In the beginning was the Dog; the real name
of Jehovah is Rover.
Adam's rib is buried in the garden.
- John Hegley, "In the Beginning"
Warning: Contains spoilers, and in all likelihood also fins and go-faster stripes.
This is a perfectly reasonable question to ask on a first viewing of the
film, Six-String Samurai.
Many elements of the film simply seem to make no sense, the narrative at times seems disjointed, and the setting a surreal sketch rather than a fully fleshed-out world. On repeat viewing however, I have come to believe that there is more to Six-String Samurai than is immediately apparent. It is easy to draw comparisons with Mad Max, the Wizard of Oz and other films which have obviously inspired Lance Mungia's vision, but beyond the world of cinema, Six-String Samurai can be viewed as a reworking of the great myth of the Western World; the Quest for the Holy Grail.
The way it works - as I see it - is this:
Elvis is the Fisher King, the ruler of the Wasteland. If there is no king,
the land suffers, thus if no-one replaces Elvis, Vegas will fall. The quest must be
undertaken, and in the world of Six-String Samurai, a new caste of warriors have arisen to
answer this challenge: the Musicians. The rock'n'rollers, the Mariachis, the slide-guitar
geniuses, country and western crooners et al, who now carry a sword alongside their
Now, we must assume that Vegas had its own musicians, after all, Elvis ruled there for forty rocking years, so it is clear that it is important that the new king not only be a rocker, but also a warrior, and that he must undertake the quest, not just be in vegas already. Likewise there were already knights in the castle of the Grail, but none of them could complete the Quest.
Death is the anti-King. He seeks the fall of Vegas (which is both the castle of the Grail, and the Grail itself), but can not directly attack it. Moreover, he can not simply follow the quest himself, but must destroy all others who would do so. So, Death has no power in Vegas, unless Vegas should have no king, in which case Vegas itself will die, and become the domain of Death.
The fact that Death is a Heavy Metaller probably just means that Lance Mungia and Jeffrey Falcon don't like metal, although it may relate to subliminal suicide messages and a general opposition of heavy metal nihilism and rock'n'roll's more optimistic sound. I dunno. The fact that he has his own rock'n'roll band (the Red Elvises) confuses the issue rather, although he does kill them too.
The general progression of the quest is rather like that found in many old sagas, including Arthurian myths. The hero and his sidekick (in Arthurian myth, usually a dwarf or squire, here the Kid) travel in a land devoid of any truly specific geography, encountering various obstacles and overcoming them (rarely by anything but courage of spirit and force of arms). Little attention is given to the inbetween bits, which in a more modern story might be devoted to character development. In this style however, character development is unnecessary, after all, you know what a knight should be like.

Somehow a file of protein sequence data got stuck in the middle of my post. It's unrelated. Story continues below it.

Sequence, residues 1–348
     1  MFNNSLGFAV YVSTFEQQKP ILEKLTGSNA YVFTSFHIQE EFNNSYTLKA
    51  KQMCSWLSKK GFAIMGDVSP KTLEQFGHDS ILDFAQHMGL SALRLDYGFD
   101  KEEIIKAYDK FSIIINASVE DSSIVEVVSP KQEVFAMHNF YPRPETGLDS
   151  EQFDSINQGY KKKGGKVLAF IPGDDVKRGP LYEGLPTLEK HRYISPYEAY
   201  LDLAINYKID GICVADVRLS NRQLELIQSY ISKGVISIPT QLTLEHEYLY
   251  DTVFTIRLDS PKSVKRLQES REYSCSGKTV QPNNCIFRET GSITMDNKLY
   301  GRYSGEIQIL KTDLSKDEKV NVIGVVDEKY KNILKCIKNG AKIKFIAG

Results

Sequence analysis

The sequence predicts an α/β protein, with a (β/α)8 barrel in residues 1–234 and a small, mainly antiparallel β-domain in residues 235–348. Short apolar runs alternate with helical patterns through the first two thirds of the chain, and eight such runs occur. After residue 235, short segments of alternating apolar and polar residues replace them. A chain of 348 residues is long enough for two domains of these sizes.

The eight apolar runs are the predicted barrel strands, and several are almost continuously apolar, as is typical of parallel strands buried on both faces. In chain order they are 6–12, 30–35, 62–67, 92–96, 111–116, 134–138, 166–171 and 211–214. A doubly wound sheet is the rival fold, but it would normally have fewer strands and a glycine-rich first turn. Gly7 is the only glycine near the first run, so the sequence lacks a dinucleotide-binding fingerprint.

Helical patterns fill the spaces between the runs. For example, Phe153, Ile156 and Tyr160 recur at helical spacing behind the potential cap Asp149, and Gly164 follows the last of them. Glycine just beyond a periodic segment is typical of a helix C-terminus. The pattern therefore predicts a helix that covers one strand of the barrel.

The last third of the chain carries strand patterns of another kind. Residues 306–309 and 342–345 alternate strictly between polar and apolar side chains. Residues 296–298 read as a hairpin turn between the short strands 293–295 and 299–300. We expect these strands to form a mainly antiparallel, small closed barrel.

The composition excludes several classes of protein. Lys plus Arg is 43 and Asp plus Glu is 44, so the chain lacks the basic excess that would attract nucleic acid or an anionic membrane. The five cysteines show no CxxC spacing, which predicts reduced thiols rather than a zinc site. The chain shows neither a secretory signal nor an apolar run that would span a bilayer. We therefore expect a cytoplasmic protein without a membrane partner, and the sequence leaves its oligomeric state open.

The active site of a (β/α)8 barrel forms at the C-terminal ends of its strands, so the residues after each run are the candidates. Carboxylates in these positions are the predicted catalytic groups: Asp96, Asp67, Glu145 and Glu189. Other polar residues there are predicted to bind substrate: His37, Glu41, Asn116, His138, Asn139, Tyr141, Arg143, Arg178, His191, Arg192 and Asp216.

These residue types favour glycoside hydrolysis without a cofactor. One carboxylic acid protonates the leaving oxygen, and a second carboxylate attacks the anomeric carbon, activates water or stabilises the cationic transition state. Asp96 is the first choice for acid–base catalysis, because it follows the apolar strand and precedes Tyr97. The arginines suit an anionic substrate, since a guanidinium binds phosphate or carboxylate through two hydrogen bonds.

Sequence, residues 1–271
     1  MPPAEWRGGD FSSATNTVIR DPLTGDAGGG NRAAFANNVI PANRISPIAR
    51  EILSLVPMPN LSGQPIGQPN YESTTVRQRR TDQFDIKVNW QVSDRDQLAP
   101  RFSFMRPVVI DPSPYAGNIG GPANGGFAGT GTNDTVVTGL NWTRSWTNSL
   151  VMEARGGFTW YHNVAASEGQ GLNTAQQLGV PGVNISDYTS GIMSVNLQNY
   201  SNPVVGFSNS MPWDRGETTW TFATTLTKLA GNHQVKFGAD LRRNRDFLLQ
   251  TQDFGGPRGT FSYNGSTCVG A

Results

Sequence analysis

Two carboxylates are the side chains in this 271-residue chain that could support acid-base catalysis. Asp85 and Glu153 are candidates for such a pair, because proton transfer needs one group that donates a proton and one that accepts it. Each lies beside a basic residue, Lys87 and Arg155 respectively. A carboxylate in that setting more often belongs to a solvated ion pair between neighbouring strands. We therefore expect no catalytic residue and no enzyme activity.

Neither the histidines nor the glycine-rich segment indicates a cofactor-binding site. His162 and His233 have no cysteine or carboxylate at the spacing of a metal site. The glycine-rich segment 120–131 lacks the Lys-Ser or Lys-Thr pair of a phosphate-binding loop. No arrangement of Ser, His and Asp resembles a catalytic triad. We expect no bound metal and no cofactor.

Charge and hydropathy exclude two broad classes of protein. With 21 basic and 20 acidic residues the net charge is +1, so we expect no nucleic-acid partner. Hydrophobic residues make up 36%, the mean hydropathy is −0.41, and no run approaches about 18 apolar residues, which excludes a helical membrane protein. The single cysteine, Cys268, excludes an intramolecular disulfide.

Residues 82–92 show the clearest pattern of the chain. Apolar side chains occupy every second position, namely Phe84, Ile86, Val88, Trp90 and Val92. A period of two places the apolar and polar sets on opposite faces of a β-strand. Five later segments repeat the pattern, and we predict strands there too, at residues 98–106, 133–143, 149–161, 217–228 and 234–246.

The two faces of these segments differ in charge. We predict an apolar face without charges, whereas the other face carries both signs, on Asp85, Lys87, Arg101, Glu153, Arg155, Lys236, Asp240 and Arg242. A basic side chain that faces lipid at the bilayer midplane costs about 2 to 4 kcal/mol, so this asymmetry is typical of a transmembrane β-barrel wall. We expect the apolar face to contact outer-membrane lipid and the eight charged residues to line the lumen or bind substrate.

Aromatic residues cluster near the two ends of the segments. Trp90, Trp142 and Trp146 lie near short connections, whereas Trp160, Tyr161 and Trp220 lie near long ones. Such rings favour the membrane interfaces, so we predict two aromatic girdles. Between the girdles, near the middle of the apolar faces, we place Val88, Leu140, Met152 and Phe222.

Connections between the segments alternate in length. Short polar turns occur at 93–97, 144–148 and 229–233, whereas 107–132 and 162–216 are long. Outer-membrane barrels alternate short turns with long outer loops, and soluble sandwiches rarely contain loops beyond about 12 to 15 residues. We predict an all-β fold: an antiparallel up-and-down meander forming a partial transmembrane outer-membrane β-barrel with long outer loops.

Many of the forces ranged against Buddy in his quest are essentially uninterested in his goals: the windmill people and their God, and the Cleaver family seem to have no stake in the fate of Vegas, and while the Red Army general does not like rock and roll music, he does not appear to be directly associated with death. This also ties in with the mythic pattern, in which the trials of the knight do not always relate to the goal, but rather to the testing of his knightly virtues.
Buddy's tests are of spirit and body. The tests of his strength are conquered with relative ease, but those of the spirit are more demanding, and require the aid of the Kid. He is beset by despair, doubt and temptation, in each case forging on because of the Kid's encouragement, or because the Kid is in jeopardy..
Buddy and the Kid are both unsuited to be king. For the land to be whole
the king must be whole, and neither Buddy nor the kid is complete. Buddy is a mighty
warrior, but afflicted with ennui and apathy. He is questing for Vegas, but he has no
passion or true desire to attain the prize.
Moreover, he is almost too strong. He has no weaknesses, no vulnerabilities; he has in short no soul.
The Kid, conversely, is extremely vulnerable; he can not defend himself at all. However, he has the drive which Buddy lacks. Through everything, he not only never abandons Buddy, he keeps Buddy moving forward. Physically, the Kid obtains both the car and the motorbike for Buddy, and makes the bike go when Buddy has given up. When doubt strikes him in the desert, after the death of the young musician, it is the Kid who persuades Buddy to keep going.
The two seem connected, as if the Kid is what Buddy lacks; his soul. Notably, the only times Buddy is hurt are when he is distracted by defending the Kid. Moreover, at the very end, the Kid appears to have absorbed the strength from the dying Buddy, giving him the courage to stand up to Top Hat and defy and overcome Death.
... or that's what I think anyway.
... and I don't have any theories about the bowlers either.